Project description:Giardia duodenalis is a common and widespread intestinal protozoan parasite of both humans and animals. Previous epidemiological and molecular studies have identified Giardia infections in different animals and humans, but only limited information is available about the occurrence and genotypes of Giardia in cattle in China. In this study, we determined the occurrence of giardiasis and genetically characterized G. duodenalis in dairy cattle in Henan Province, central China. The overall prevalence of G. duodenalis was 7.2% (128/1777) on microscopic analysis, with the highest infection rate (22.7%) in calves aged less than 1 month. G. duodenalis assemblages and subtypes were identified with multilocus genotyping based on the SSU rRNA, ?-giardin (bg), glutamate dehydrogenase (gdh), and triosephosphate isomerase (tpi) genes. Two assemblages were detected in the successfully sequenced samples: assemblage A (n?=?58), assemblage E (n?=?21), with a mixed E and A assemblage (n?=?2). Four novel subtypes of the gdh gene and seven of the bg gene were found among the G. duodenalis assemblage E isolates. Using the nomenclature for the multilocus genotype (MLG) model, nine novel multilocus genotypes E (MLGs E1-E9) and three MLGs A (a novel subtype AI, previously detected subtype AII-1, and a combination of both) were identified. MLG AII-1 identified in this study may be an important zoonotic subtype. The dairy cattle in Henan are a potential public health concern.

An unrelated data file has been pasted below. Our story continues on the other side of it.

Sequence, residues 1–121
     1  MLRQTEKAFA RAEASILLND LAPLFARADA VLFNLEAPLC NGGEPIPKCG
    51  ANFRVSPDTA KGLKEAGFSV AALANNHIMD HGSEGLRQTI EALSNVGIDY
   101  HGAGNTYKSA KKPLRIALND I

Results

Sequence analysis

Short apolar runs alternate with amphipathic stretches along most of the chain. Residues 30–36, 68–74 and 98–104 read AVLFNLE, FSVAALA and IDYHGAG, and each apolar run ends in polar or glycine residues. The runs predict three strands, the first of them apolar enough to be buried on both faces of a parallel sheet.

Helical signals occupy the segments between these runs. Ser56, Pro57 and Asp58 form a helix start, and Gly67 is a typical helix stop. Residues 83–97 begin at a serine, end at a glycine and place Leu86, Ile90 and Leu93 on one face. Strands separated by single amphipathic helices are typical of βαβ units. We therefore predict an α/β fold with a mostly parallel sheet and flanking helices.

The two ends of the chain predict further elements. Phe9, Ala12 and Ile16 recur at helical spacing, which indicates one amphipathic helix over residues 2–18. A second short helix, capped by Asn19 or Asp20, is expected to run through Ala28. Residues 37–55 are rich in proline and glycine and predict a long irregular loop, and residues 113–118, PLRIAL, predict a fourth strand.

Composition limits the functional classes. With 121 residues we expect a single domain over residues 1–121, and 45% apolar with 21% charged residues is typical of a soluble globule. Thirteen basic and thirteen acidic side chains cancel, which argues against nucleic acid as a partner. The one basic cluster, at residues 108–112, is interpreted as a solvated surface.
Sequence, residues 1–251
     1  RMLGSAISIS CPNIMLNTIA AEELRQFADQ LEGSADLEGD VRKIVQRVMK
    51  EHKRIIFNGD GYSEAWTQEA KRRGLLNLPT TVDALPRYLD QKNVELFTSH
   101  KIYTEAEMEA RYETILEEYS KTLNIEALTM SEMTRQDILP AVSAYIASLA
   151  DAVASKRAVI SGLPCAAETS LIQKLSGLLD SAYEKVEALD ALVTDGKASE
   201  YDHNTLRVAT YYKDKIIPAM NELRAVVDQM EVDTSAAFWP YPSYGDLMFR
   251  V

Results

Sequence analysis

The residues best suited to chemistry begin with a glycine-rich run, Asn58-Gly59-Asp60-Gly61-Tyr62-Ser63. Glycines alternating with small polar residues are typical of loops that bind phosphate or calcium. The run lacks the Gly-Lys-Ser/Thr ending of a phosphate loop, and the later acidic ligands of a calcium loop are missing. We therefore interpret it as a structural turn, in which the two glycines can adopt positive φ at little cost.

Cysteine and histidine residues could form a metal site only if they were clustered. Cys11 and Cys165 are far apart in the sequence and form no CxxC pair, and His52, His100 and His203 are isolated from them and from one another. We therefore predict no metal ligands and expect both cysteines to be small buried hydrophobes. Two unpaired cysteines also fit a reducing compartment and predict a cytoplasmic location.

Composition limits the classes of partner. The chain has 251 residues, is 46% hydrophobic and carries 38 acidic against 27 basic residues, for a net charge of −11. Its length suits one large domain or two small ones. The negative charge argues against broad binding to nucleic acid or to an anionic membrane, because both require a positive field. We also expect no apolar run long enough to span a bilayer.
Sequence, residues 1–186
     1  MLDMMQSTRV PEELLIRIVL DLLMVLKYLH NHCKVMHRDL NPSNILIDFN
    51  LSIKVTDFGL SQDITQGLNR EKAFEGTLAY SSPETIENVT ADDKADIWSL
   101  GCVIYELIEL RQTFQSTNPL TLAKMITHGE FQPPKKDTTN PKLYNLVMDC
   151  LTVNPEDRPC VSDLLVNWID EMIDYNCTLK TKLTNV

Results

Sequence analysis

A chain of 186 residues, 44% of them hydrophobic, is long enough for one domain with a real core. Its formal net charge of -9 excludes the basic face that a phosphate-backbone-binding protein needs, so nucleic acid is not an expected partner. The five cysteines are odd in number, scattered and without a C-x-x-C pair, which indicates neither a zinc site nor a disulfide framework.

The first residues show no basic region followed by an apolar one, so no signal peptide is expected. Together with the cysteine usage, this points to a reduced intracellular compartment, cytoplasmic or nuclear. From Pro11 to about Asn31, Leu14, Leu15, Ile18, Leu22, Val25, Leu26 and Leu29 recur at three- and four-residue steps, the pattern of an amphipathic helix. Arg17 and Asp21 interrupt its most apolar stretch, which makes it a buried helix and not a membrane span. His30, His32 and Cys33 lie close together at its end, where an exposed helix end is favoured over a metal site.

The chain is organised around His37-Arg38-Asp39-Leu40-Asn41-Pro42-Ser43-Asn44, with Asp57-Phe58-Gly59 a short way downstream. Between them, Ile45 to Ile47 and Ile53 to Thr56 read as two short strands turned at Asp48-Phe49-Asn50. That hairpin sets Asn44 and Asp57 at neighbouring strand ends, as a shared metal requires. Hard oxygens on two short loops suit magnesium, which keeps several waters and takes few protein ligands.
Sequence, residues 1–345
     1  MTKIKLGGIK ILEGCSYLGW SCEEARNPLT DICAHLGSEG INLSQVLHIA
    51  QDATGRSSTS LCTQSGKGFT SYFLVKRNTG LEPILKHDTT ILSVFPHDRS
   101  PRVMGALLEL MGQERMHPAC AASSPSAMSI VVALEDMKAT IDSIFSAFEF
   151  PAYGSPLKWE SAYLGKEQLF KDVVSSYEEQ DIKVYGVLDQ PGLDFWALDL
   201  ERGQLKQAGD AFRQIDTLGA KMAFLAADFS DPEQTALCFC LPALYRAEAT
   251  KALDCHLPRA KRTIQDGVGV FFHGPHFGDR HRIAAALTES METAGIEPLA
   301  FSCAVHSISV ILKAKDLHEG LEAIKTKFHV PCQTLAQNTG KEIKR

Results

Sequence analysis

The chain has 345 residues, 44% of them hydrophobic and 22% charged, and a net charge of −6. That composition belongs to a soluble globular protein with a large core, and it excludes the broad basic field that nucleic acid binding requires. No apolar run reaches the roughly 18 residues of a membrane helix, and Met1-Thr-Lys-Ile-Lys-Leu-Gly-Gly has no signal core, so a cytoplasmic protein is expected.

Project description:Giardia duodenalis is a zoonotic parasitic protist and poses a threat to human and animal health. This study investigated the occurrence of G. duodenalis infection in post-weaned calves from Sichuan province, China. Faecal samples were collected from a total of 306 post-weaned calves (3-12 months old) from 10 farms, including 4 intensive feeding farms and 6 free-ranging farms. The overall infection rate of G. duodenalis was 41.2% (126/306) based on the PCR results at any of the three genetic loci: beta-giardin (bg), triose-phosphate isomerase (tpi) and glutamate dehydrogenase (gdh) genes. Giardia duodenalis assemblages E (n = 115, 91.3%), A (n = 3, 2.4%), and A mixed with E (n = 8, 6.3%) were identified among the 126 positive specimens. Multilocus sequence typing of G. duodenalis revealed 34 assemblage E multilocus genotypes (MLGs), 1 assemblage A MLG and 7 mixed assemblage (A and E) MLGs. The eBURST data showed a high degree of genetic diversity within assemblage E MLGs. The phylogenetic tree revealed that MLG E3 was the primary MLG subtype in Sichuan province and also the most widely distributed in China.